Martinez impressing in Arizona

SURPRISE, Ariz. – Although Nick Martinez was primarily an infielder in college, he is flashing above-average velocity and advanced command of multiple pitches with the rookie-level Surprise Rangers this summer. Lone Star Dugout features and interviews the 20-year-old prospect.

When Nick Martinez toed the rubber in the first inning against the AZL Clubs in July 2, it marked his first-ever lifetime start at any level of baseball. In fact, Martinez entered the Texas Rangers' organization with minimal game experience as a pitcher overall.

The 20-year-old Miami native spent the last three years as a starting middle infielder at Fordham University in the Bronx. As a junior this past season, he batted .292 and led the club with a .404 on-base percentage. But the Rangers weren't interested in his ability to hit or play second base.

Although he logged only 26.1 total innings on the mound during his three collegiate seasons, Rangers area scout Jay Heafner was clearly intrigued by Martinez's arm strength. And in a post-draft interview, Martinez indicated that the Rangers were one of the only teams to show serious interest in him.

"Throughout the year, I got a couple questionnaires from other teams," Martinez said after the draft. "I put down that I was a position player and a pitcher, but the only team that was really interested in me was Texas. And they were only interested in me as a pitcher."

Heafner––a native of North Carolina––saw Martinez pitch early in the college season when the Rams played in North and South Carolina for three consecutive weekends. And as the Rangers' Northeast area scout, he was able to follow up on the prospect throughout the season.

Martinez ended up logging a career-high 10 appearances out of the Fordham bullpen and posted a 2.75 earned-run average with three saves. In 19.2 innings, he gave up 19 hits, walked nine, and struck out 20.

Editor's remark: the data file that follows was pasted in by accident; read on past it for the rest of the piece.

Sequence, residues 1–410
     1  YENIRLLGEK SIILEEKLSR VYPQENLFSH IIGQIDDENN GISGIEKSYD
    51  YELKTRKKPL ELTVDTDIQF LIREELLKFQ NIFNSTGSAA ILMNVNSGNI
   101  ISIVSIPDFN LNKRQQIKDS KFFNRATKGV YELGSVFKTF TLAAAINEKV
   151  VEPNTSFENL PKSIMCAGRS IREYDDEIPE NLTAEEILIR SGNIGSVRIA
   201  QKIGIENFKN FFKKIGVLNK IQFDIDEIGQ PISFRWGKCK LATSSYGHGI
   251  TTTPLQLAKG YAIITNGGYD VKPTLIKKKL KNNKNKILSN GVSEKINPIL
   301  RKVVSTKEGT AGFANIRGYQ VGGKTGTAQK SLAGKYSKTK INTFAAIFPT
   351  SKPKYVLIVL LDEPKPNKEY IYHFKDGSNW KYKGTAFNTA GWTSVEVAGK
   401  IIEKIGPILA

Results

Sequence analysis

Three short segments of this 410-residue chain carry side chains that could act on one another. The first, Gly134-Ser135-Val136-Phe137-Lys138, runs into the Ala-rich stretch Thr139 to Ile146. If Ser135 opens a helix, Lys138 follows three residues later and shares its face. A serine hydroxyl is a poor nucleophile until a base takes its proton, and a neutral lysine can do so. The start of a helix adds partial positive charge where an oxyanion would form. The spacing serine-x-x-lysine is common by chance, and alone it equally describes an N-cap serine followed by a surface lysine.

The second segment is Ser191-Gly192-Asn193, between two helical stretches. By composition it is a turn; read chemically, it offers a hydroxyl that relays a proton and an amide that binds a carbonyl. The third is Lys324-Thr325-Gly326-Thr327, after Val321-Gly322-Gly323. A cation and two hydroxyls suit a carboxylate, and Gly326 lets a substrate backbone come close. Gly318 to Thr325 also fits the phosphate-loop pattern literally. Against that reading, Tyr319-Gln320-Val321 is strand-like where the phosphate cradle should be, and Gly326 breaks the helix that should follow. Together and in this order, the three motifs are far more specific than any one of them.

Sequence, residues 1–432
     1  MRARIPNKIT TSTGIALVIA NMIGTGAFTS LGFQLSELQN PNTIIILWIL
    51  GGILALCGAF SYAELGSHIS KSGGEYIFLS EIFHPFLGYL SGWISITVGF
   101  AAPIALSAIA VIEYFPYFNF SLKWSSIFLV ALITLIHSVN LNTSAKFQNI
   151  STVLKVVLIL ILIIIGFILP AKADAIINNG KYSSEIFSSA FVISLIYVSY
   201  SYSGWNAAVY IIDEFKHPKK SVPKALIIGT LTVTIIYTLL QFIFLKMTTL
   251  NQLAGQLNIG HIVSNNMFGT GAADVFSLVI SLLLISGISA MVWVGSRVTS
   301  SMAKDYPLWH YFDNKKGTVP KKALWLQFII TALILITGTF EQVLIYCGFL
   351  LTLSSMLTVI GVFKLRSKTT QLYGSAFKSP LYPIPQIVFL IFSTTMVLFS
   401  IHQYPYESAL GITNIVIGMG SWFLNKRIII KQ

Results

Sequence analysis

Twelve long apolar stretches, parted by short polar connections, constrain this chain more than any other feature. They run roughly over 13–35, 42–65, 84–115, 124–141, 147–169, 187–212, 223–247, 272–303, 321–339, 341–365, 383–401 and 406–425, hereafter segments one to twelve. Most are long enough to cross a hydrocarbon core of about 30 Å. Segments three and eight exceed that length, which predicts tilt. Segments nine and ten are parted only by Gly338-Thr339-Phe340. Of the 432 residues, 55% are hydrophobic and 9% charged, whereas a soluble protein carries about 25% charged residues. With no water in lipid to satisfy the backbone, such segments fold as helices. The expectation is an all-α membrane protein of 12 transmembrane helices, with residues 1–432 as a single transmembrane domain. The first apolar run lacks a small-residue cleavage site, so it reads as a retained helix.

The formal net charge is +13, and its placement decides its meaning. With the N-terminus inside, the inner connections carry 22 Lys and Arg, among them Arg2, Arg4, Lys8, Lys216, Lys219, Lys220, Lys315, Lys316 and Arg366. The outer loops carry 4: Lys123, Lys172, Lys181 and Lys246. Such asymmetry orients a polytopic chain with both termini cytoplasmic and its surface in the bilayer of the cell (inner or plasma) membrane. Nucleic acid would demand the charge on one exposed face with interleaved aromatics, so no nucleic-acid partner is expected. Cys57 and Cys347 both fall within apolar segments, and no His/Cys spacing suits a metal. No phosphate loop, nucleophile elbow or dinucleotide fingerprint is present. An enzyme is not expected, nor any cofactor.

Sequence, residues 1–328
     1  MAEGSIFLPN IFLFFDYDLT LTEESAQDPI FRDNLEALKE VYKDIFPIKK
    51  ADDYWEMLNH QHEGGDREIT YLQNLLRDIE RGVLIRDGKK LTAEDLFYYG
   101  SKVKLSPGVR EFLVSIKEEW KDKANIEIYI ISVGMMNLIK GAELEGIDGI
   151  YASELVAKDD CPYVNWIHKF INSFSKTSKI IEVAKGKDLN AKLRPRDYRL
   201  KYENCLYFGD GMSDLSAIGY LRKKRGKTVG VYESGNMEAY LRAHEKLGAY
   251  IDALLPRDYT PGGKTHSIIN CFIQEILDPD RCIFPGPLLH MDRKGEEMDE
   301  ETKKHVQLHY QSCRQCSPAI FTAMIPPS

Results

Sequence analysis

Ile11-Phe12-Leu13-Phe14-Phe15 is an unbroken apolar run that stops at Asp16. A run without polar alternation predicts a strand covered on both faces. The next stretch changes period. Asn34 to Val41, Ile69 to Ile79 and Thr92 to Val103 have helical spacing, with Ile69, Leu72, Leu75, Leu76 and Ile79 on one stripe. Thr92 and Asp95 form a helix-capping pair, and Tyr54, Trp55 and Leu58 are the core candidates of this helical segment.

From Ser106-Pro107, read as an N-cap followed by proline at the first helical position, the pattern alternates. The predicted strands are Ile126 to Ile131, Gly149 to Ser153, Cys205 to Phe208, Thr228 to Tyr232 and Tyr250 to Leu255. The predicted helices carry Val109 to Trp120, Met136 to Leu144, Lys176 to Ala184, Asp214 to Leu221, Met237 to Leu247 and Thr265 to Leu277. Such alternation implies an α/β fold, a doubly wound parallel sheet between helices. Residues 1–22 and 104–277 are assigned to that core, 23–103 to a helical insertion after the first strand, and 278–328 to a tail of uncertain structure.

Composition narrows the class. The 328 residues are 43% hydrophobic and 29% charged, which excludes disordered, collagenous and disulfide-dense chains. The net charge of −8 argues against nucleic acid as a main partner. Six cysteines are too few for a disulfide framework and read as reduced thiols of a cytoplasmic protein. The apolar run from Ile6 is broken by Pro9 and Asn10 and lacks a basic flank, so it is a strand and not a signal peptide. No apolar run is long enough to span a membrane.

The Rangers ended up selecting Martinez with their 18th round pick in June's MLB Draft. Not long after the draft, the right-hander (and lefty hitter) actually left home to play for the Falmouth Commodores of the Cape Cod League. He worked two innings on opening night, giving up a run on one hit while walking two and striking out three.

But that would be Martinez's only game in the Cape. As he explains below, he agreed to contract terms with the Rangers and immediately returned home to Miami before signing the deal and shipping out to the club's minor league complex in Arizona.

So far, the 6-foot-1, 175-pound hurler has been one of the Surprise Rangers' most impressive––if not most surprising––pitchers. Martinez currently has a 1.83 ERA through six games. In 19.2 innings, he has allowed 21 hits while walking only two and fanning 19.

Martinez is––as mentioned––also working as a starting pitcher for the first time in his life. And both the early results and stuff have been impressive.

During his July 7 outing against the AZL Padres, Martinez displayed advanced command of a 92-94 mph fastball while striking out seven in four scoreless innings. On July 18 against the Diamondbacks, he hurled a season-high five shutout frames, giving up two hits and fanning five without issuing a walk.

Overall, Martinez is throwing his fastball at 91-93 mph and topping out at 94 mph at least a few times per outing.

Though he entered the summer with little game experience as a pitcher (Rangers' Miami area scout Juan Alvarez has served as his personal pitching coach at home), the prospect is repeating his delivery with a clean arm action and commanding his heater low in the strike zone. His fastball also has some late armside run, which is currently helping him induce three groundouts per airout in the Arizona League.

Martinez is having plenty of success while relying heavily on his fastball. In his last start––against the Diamondbacks––he threw 54 strikes out of 71 pitches in the five scoreless innings. He also threw 61 fastballs in the game, plus four changeups, four sliders, and two curveballs.

As Martinez progresses, the Rangers would certainly like to see him throw the secondary stuff more often––even if he is able to consistently retire AZL hitters with his fastball. Martinez says pitching coach Ryan O'Malley wants his pitchers to throw their changeup 17 percent of the time.

Still, Martinez is also showing the ability to command both his breaking balls––the slider and curve. In college this past season, he shelved the curveball for a new 80-83 mph slider, which he is currently using as his put-away secondary pitch. Martinez also has a 76 mph curveball that he throws early in counts to get ahead of hitters.